Types of unearned revenue

  1. Current unearned revenue
  2. Non-current unearned revenue

The aforementioned are the two types of unearned revenue that a company can realize. The customer agreement signed before the unearned revenue payment by a customer may give the customer the right to cancel their purchase or receive a refund in case of certain events that are included in the contract terms.

Current unearned revenue

When a customer makes a prepayment for goods or services that have to be delivered within one year, the unearned revenue accrued from such prepayment is considered current unearned revenue. For instance, if a customer makes a prepayment to a clothing company and the clothes that have been paid for will get delivered to the customer within a year, then, this revenue will be classified as current unearned revenue.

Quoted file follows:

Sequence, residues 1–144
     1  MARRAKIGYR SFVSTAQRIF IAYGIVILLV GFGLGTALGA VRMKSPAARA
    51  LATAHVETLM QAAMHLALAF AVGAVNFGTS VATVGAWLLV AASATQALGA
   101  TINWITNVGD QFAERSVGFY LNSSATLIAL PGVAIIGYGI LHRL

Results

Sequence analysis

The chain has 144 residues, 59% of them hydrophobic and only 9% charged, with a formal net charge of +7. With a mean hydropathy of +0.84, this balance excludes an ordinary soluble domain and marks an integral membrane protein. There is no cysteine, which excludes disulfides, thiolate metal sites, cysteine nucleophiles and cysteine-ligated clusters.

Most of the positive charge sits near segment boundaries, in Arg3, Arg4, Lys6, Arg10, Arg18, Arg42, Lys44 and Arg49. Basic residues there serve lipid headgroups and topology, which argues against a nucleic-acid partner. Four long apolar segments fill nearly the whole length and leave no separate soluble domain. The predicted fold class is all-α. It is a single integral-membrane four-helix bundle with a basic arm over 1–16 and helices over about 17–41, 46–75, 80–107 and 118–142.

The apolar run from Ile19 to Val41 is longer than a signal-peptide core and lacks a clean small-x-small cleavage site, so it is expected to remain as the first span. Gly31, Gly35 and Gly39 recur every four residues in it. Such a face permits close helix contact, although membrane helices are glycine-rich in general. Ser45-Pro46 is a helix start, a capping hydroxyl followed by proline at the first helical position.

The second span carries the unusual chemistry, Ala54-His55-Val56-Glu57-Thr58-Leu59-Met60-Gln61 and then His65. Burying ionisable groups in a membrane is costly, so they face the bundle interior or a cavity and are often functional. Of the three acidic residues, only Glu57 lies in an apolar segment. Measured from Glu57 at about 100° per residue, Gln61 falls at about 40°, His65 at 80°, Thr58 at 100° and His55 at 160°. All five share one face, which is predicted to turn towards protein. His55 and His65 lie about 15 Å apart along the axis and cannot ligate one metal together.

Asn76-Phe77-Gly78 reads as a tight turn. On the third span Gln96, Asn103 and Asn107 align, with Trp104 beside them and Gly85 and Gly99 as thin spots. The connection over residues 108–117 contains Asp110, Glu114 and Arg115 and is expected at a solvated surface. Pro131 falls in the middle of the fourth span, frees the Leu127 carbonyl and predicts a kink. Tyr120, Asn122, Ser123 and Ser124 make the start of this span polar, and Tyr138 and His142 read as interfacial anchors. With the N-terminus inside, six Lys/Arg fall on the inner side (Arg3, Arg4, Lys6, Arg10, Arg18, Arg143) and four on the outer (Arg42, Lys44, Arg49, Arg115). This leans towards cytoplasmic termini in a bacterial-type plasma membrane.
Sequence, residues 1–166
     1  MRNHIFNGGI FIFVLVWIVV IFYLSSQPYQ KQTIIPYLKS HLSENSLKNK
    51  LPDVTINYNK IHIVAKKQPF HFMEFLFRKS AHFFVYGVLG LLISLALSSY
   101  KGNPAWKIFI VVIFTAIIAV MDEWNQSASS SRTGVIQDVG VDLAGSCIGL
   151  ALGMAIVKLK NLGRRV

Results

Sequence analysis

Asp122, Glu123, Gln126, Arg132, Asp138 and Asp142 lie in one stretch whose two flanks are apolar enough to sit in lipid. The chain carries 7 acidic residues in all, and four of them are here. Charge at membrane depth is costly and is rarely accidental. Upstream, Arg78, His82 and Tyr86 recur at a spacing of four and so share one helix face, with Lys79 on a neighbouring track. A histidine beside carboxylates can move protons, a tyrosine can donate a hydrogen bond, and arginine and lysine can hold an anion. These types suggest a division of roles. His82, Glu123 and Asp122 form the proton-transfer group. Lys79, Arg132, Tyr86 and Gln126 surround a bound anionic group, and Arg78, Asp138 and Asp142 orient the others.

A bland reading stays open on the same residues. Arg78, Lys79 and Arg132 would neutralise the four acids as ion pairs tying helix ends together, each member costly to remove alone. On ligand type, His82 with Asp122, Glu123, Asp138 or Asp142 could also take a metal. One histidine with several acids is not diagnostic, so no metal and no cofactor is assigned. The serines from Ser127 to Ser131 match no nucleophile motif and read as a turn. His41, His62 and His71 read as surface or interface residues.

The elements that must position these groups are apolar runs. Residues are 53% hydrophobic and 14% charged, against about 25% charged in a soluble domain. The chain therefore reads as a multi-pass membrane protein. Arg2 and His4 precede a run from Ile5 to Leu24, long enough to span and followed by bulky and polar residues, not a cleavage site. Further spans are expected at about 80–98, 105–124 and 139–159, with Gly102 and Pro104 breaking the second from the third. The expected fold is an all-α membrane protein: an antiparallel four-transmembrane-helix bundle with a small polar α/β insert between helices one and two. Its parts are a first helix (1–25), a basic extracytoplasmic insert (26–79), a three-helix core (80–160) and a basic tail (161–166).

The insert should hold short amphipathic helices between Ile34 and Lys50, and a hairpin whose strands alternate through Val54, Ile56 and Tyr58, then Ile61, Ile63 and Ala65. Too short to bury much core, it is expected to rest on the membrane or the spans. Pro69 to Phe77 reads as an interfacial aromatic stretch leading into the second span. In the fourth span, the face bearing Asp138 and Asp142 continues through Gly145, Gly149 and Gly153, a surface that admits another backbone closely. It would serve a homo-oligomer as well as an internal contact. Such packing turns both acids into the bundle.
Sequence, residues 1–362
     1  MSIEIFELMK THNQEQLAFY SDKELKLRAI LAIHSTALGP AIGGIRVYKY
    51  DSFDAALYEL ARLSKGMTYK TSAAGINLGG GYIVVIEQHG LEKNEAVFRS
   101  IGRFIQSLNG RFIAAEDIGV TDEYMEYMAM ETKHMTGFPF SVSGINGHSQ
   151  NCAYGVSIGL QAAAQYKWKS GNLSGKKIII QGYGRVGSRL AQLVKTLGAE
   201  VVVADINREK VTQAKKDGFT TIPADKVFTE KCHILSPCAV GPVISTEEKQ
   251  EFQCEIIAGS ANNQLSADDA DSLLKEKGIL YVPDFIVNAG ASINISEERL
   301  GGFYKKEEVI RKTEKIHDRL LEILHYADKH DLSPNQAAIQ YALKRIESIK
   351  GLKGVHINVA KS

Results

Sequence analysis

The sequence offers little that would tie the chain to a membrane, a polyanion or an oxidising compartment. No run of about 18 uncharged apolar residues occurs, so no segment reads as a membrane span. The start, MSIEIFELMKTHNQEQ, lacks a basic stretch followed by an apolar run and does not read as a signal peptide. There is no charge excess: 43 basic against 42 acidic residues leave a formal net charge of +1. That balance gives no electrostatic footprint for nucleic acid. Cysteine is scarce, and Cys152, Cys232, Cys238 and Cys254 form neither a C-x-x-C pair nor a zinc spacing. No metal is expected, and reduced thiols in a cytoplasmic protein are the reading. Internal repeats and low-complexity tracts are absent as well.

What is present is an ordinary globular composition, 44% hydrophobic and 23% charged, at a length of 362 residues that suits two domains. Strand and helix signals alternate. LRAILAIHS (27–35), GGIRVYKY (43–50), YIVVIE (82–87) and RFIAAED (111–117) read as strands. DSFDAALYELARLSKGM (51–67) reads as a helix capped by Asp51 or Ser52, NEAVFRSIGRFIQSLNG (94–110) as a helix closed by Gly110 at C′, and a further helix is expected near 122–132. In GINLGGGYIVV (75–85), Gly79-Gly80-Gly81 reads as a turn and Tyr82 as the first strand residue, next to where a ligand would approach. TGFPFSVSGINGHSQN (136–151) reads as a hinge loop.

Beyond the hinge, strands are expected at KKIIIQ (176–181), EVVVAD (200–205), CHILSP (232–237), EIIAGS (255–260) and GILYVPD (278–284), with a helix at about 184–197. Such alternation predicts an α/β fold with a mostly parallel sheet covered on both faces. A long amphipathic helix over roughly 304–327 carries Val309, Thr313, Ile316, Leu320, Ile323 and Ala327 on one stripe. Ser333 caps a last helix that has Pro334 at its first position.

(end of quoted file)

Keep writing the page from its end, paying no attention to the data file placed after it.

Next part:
Non-current unearned revenue

When a customer makes a prepayment for goods or services that have to be delivered in more than one year, the unearned revenue accrued from such prepayment is considered non-current unearned revenue. For example, assuming Henry paid for a three years subscription to a magazine producer, his prepayment for the first year will be recorded as a current unearned revenue while the balance for the subsequent two years will be non-current unearned revenue since their delivery will be in more than one year.

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What are assets?

Assets are tangible or intangible resources that can be utilized to drive economic value. These resources can be owned by individuals, corporate organizations, or the government. Tangible assets refer to those resources that can be seen physically such as equipment, cash, plant, property, etc. Nontangible assets are resources that cannot be seen in themselves such as intellectual property, patents, trademarks, etc.